Meanwhile, there are no controls for the multi-touch touchpad. This is a problem, as the device is extremely sensitive, responding to slight touch (even a brush of arm hair) by selecting swathes of screen area. If you’re working on a document, this can prove troublesome, leading to the loss of a lot of work. While Ctrl+Z should undo a problem like this, it won’t guarantee a solution on all apps.
On a similar note, the power button was surprisingly tough to get working on the first use, initially leading me to suspect a defective unit. Subsequent presses have proved easier, however, so perhaps there is a safety device in play to prevent accidental activation in transit.
The Ultimate in Ultramobility
A lot of devices claim to be “ultramobile”. The MacBook Air, for instance, and its various successors. You’ve got the expensive, increasingly thin ultramobile notebooks from Sony, Samsung and HP, too. But none of them come close to matching the lightness and portability of the Pinebook.
Its 14-inch screen makes the Pinebook ideal for the majority of cases. At the narrow end, the computer is just 0.24 of an inch, while the thick end is a mere 0.47 inch. Built from lightweight white plastic, the Pinebook weighs in at just 1.26 kg, less than an equivalent-sized MacBook Air (1.34 kg for the 13-inch model).
As such, you can pretty much pick up the Pinebook and take it anywhere. This makes it ideal for students looking for an affordable laptop to take to classes, or entry-level developers on a tight budget. Freelance creatives may be less inclined to take a look at it, however.
And if you’re looking for something cheap for Facebook and online shopping, the Pinebook is ideal, and will fit in most bags.
Games and Media
Everyone wants to play a game or two now and again. The Pinebook comes with three preinstalled in MATE, but of course you can install your own. As long as they can be found in the repositories, or downloaded in ARM format (or you’re comfortable compiling and troubleshooting) then you shouldn’t run into any problems. For instance, I downloaded FreeCiv, the open source version of Civilization, and played a few turns. Note that this also includes the server component, so you could conceivably use the Pinebook 64 as a game server.
When it comes to media editing, however, things will be a bit trickier. There’s no hardware here to cope with HD video editing, for instance, so attempting it will be a laborious disappointment. Standard definition editing is achievable, however, as is audio editing.
On the other hand, with a number of coding and development tools to hand (Scratch, Squeak, and Geany are pre-installed, for example), the Pinebook makes a great programming and game development device. You just need to get over the problems with the keyboard…
So, there is enough power in the Pinebook to play older games, and those intended purely for ARM Linux devices. And if you’re running Android, then you should be able to access most of its vast library of games and apps.
Operating Systems for the Pinebook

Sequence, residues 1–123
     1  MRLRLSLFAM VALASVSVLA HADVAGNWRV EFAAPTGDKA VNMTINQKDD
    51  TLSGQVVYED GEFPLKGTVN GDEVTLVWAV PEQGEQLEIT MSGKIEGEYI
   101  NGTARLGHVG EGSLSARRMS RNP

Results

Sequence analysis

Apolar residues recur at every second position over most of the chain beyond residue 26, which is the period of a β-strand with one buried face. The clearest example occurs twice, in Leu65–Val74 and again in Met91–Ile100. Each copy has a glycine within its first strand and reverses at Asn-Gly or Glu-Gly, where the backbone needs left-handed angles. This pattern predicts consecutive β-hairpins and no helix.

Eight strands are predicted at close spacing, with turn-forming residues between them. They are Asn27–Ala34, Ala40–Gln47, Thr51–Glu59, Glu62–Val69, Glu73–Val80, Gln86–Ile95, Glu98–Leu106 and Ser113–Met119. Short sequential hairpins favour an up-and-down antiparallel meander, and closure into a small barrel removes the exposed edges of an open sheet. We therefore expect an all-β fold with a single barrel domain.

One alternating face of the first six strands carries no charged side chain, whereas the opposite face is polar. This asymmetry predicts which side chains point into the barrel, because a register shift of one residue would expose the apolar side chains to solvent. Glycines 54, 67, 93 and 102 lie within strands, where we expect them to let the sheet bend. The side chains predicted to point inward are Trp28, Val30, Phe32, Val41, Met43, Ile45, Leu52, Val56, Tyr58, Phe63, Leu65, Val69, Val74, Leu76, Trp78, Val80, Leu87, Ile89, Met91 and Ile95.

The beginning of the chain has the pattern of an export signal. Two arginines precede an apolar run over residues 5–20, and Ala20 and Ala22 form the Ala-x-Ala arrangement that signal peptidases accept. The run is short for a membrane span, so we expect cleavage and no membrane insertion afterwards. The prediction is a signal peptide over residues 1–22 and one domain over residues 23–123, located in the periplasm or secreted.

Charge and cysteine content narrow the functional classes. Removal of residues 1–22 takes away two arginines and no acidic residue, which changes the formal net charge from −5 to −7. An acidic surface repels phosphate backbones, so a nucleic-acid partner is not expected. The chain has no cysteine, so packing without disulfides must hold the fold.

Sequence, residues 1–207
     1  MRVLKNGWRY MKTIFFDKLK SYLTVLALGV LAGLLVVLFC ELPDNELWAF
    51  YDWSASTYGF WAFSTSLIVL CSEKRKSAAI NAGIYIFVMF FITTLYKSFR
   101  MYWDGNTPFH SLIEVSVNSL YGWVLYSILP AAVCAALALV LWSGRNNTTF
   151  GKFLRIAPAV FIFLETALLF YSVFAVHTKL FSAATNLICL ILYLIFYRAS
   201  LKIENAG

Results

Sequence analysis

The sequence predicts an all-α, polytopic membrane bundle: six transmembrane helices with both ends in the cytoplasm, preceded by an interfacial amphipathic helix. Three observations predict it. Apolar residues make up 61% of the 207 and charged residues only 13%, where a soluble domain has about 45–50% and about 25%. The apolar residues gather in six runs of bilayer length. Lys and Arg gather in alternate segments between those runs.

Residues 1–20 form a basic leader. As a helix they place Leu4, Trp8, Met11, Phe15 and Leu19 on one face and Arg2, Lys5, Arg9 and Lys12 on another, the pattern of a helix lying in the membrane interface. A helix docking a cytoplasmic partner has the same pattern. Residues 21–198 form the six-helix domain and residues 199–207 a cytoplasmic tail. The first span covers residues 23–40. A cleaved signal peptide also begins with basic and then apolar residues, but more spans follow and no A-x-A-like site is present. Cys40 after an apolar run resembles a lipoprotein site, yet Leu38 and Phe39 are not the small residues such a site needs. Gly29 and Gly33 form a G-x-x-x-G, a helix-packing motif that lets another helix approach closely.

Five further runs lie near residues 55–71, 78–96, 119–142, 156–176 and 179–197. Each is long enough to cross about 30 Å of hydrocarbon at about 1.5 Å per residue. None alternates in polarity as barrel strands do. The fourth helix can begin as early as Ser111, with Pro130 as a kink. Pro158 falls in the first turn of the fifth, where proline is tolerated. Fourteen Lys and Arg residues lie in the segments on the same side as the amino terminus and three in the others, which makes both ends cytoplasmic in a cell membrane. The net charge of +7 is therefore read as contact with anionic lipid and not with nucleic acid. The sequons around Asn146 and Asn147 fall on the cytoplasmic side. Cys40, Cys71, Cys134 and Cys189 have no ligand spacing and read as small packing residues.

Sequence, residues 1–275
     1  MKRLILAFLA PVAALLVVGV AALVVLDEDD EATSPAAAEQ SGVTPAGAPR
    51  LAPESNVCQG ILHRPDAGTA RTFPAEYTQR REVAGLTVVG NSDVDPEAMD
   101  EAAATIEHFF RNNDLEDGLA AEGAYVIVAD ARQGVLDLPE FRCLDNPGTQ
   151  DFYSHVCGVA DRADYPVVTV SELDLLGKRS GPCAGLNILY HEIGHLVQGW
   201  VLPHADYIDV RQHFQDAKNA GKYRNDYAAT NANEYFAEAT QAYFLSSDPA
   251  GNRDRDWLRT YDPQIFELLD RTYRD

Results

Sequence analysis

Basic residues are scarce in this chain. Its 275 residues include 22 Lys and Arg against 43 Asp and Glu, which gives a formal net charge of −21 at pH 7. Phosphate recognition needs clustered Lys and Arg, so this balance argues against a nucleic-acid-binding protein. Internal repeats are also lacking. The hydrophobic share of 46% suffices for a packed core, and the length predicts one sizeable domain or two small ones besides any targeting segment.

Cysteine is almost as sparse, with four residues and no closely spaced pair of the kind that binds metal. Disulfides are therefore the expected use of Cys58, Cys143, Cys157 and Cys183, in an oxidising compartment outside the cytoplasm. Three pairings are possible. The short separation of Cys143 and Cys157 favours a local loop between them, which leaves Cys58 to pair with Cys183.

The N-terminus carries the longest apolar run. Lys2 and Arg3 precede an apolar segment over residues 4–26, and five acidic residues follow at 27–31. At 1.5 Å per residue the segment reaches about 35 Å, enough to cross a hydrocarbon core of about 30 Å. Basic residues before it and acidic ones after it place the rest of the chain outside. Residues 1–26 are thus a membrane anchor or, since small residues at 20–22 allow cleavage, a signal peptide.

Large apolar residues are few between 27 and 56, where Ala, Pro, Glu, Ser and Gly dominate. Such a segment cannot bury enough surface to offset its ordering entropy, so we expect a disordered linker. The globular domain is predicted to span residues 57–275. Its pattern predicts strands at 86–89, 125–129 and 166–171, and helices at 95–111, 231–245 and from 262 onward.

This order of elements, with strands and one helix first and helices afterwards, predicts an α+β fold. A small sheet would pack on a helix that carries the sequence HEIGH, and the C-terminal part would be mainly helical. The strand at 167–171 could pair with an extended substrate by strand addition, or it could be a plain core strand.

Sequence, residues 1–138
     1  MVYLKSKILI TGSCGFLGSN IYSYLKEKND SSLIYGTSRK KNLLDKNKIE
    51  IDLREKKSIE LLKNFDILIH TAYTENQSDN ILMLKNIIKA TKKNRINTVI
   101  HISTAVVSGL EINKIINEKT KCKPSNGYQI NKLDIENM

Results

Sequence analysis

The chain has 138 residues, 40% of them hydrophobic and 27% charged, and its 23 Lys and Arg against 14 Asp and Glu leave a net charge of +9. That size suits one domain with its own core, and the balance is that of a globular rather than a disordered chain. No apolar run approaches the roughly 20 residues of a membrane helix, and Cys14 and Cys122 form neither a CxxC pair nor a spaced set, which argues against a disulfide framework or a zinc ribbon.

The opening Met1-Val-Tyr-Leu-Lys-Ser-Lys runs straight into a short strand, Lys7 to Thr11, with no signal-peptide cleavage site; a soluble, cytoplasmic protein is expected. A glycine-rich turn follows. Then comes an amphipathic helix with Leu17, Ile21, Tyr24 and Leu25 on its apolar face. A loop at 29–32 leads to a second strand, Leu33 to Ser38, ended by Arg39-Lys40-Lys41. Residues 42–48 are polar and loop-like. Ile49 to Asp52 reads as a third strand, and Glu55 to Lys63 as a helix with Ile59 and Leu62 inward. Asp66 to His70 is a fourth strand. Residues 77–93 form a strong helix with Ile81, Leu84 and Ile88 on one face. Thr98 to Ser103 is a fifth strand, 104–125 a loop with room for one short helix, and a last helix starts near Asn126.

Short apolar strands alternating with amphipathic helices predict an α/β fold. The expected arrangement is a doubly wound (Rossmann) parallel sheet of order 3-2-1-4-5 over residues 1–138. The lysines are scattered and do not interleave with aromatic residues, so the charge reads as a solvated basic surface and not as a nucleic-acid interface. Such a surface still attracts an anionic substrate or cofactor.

As you can see from the screenshots, this Pinebook shipped with Ubuntu 16.04 MATE pre-installed. This is a good option, and has hopefully been chosen to get the best out of the device battery. But what if MATE isn’t your cup of tea?
Fortunately, other Linux operating systems are available for the Pinebook. Debian Jessie, the now-defunct (but still available) Remix OS 2.0 and Android Nougat can all be installed. There’s also support for the Windows 10 IoT platform.
It seems likely that other operating systems will run on the Pinebook eventually. If you have the patience to compile your own choice from source, meanwhile, this should also present you with a usable alternative.
So, Who’s the Pinebook Really For?
It’s described as an “Affordable, 64-bit ARM based Open Source Notebook” but who is it really aimed at? To be honest, it’s really hard to say. Although the computer comes with some development tools built-in, it would be odd to say “this computer is aimed at developers”. There’s simply not enough reliability for this to be the case.
The $99 price point might make it ideal for a first computer for children… but Pine themselves seem to discourage this, pointing out that “if you are looking for a device to replace your current work or school laptop, perhaps it’s wise to look elsewhere.”
In terms of the price point, build material, and hardware, I would say that if the Pinebook isn’t for children or students, then it really isn’t for anybody. But in truth, this laptop is for anybody. Just be prepared to spend some time breaking in the keyboard.
The Pinebook: Coding, Homework, Shopping and Retro Gaming
It’s light, slimline, runs Ubuntu MATE by default and can do all of the internet, coding, word processing and media playback that everyone needs. The Pinebook will run old games; it will run open source media editors.
But, you’re possibly going to need a better keyboard. Perhaps plug one in, and add a mouse in order to avoid the touchpad, whenever you’re at home. If you’re mobile… well, you’ll have to take your chances.
Come on, it’s only $100! Form an orderly cue, people. Literally, because that’s the only way to order one.